Monday, October 20, 2008

A Girl Cut in Two

A Girl Cut in Two

Claude Chabrol, the director of A Girl Cut in Two, is the master of bourgeois evil and mystery. The dark secrets and dirty habits harbored by the wealthy propel his plots calmly through their twists and turns.

A Girl Cut in Two stars Ludivine Sagnier, a woman whose depth as an actor has continued to be revealed since she starred in The Swimming Pool, and more recently in our generation’s Umbrellas of Cherbourg, a lovely musical about young love and sex, called Love Songs. Sagnier’s character, Gabrielle Aurore Deneige (translated as Gabrielle Snow), is an attractive weatherwoman who is ogled by all men she meets. She is first presented to us in close-up, with heavy make up, smiling a fake smile, and charming her television audience with news of sun and clouds. While her on -stage persona is not that of her real life, to the audience, she nonetheless exists in contrast to all who surround her. She is young, they are old. She is impulsive, they are calculating. She moves like water, they, like vodka from the freezer.

The central conflict is Gabrielle’s affair with the sexually liberated, bourgeoisie novelist, Charles Saint Denis, and her jealous, filthy rich suitor, Paul Andre Claude Gaudens. It is no coincidence that Gabrielle’s name evokes both Sleeping Beauty and Snow White, for she is the heroine in this modern day, dystopian fairy tale. Gaudens is the prince, seeking to sweep her off her feet and away to the family castle. Gabrielle is the reluctant princess; average in status but beautiful. Gaudens’ mother functions as the bad witch, and Gabrielle’s mother is the benevolent queen. All these conventions are turned upside-down in modern day. Princes are heirs to pharmaceutical fortunes instead of kingdoms, and they are perverted and jealous instead of noble and chivalrous. The virginal princess is everything but, actually eager to sleep with a married man, and occasionally, to do it in front of his friends. Furthermore, there is no archetype in the fairytale for Charles Saint Denis’ character, and because he has no place in the formula he spoils the happy ending before the story even starts. Needless to say, Gabrielle’s affair goes horribly wrong and then get worse, leaving the poor girl to pick up the pieces.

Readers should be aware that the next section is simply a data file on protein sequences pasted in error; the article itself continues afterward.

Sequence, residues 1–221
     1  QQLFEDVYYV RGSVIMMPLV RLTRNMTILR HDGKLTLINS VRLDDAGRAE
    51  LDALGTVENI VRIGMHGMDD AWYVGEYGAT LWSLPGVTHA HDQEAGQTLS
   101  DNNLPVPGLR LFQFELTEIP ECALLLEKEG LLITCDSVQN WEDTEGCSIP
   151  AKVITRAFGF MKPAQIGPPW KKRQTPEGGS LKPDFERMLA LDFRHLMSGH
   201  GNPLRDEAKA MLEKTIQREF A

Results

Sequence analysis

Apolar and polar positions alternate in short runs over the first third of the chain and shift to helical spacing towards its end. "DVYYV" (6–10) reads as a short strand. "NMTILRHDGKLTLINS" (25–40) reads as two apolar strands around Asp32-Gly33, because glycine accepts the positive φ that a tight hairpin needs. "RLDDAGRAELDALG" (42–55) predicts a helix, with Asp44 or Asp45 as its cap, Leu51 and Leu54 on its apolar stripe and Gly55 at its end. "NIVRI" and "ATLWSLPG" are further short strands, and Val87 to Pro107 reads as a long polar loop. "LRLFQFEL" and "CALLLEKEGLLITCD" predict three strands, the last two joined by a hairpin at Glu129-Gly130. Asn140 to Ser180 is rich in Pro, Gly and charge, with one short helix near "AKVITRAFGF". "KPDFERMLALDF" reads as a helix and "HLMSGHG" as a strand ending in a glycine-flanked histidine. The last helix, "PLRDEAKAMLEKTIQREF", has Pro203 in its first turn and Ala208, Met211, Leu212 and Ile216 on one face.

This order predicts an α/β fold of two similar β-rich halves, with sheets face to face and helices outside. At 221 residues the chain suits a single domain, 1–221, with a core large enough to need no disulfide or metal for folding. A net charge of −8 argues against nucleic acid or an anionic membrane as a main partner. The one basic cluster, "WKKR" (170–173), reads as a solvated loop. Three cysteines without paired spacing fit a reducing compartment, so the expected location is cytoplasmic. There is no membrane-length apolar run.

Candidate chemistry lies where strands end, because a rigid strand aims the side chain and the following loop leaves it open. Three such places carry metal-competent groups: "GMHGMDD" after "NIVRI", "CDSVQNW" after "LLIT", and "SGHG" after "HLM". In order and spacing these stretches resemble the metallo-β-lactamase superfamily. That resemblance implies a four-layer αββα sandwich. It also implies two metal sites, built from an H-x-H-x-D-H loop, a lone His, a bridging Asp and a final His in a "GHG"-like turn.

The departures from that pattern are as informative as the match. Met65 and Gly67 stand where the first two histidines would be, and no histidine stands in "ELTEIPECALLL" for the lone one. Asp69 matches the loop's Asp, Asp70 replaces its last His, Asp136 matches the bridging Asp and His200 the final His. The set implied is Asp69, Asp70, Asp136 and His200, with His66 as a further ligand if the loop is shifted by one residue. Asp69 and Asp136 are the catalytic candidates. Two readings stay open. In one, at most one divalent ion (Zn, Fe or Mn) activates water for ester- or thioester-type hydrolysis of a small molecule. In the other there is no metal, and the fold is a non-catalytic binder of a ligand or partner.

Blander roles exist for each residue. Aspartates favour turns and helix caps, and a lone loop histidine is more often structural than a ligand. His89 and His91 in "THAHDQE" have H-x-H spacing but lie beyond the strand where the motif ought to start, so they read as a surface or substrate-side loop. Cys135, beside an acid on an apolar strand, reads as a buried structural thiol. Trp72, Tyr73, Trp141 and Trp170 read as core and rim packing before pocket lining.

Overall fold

Through all of the insincerity and betrayals, the story remains interesting, but never crosses over into territory we haven’t seen before.

However, the final moments of the film are unlike any that proceed it, and I was left wondering whether the last scene was a gesture of brilliance or an inability to self edit. Eventually, I decided it didn’t matter. In his review of the new movie Blindness, A. O. Scott cited this quote from Samuel Taylor Coleridge, “an allegory is but a translation of abstract notions into a picture-language, which is itself nothing but an abstraction from objects of the senses.” At Scott’s prompting, this got me wondering if all films are allegories because they necessarily speak in the picture-language.

In the last scene of the film, Gabrielle is her uncle’s lovely assistant in his magic act. During the performance, Gabrielle lies down on a table with a large circular saw overhead. What follows is nothing if not Coleridge’s definition of allegory: Gabrielle is literally cut in two. The abstract notion of being torn in opposite directions is translated into the picture-language.

I asked myself why Chabrol would make such a literal and obvious gesture. Here is a possible explanation. The allegory is complicated by the fact that when Gabrielle is cut in half, the bisection is a performance and an illusion. All good allegories should allow the reader or the audience to look at the thing the allegory represents with a new perspective. When the final scene is applied retroactively to the film, the title is revealed to be misleading. In order to be metaphorically “cut in two”, a person must be conflicted. At no point in the story is Gabrielle conflicted. When she wants Charles over Paul, she acts on it. When Charles makes himself unavailable, she settles for Paul, not because she is unsure of what she wants, but because she knows exactly what must be done. All the while she harbors feelings for Charles, saying definitively that he is “the only man she will ever love.” This is an expression of conviction, not conflict. She experiences no moral dilemma and no crisis of conscience. She is never tortured by the incongruity of her own desires, only the incongruity between hers and Charles’.

Ultimately, that Gabrielle is whole is no great revolution. Along the way, she has garnered some undeserved pity from the audience. Finally, she exists as she was first presented, on display. After the magic trick is over, Gabrielle stands alone on stage to bow to the audience. The credits role over a frozen image of her face, smiling proudly. Like Antoine Doinel’s face at the end of 400 Blows, the frame carries false significance. The audience searches for resolution because it the ultimate moment, but the ending is arbitrary. The story has another life outside of the picture, but the information stops here.


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